Secondary insomnia requires taking care of BOTH the cause as well as the insomnia - which can remain even after the initial cause has been removed.  Insomnia is almost always present with psychological problems such as anxiety, anxious-type depression and chronic stress and worry following some life-crisis.  Insomnia also frequently results from medical problems, including pain, endocrine or metabolic diseases (like diseases of the thyroid or adrenal glands) and is common in menopause.  And there are sleep-related illnesses such as Restless Leg Syndrome (where the legs regularly jerk throughout the night) or Sleep Apnea (a breathing disorder where insufficient air is taken in during the night). Many medications used to treat medical problems also can interfere with sleep. These psychological and medical problems must be addressed with your doctor as a first step in correcting your sleep.

In order to know how to correct sleep problems, it helps to understand the normal sleep that we are attempting to recover.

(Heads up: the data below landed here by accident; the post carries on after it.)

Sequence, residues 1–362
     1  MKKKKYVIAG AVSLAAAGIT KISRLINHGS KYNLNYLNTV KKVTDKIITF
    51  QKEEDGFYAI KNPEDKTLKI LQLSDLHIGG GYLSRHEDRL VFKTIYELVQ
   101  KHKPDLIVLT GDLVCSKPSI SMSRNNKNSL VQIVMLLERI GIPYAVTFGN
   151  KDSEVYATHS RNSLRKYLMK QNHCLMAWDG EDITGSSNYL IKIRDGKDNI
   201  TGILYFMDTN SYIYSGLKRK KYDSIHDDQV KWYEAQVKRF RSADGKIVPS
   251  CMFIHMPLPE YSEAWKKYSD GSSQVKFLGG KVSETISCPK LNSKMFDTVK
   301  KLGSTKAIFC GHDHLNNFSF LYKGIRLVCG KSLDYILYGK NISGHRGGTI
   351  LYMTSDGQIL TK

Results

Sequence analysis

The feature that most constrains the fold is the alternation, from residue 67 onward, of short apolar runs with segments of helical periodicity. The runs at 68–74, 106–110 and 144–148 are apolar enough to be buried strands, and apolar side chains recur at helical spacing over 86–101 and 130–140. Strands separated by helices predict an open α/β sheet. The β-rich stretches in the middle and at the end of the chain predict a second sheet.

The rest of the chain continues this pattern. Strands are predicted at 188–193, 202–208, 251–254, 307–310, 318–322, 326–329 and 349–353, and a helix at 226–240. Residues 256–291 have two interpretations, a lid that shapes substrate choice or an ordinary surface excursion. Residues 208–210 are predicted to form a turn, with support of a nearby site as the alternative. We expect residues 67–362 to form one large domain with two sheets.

States of Consciousness:  

   There are four basic states of conscious.  These states actually lie along a continuum, yet each has distinct states of consciousness and brain functioning (see Table 1).  Each state is associated with a different brain wave frequency, level of mental effort, focus of attention, and different amount of conscious awareness (vigilance of self, environment and what one is doing).

MHz     0              4                8              12       16              20


                   Delta       Theta      Alpha     Low Beta    High Beta


                  low                                                               high

                                          eeg frequency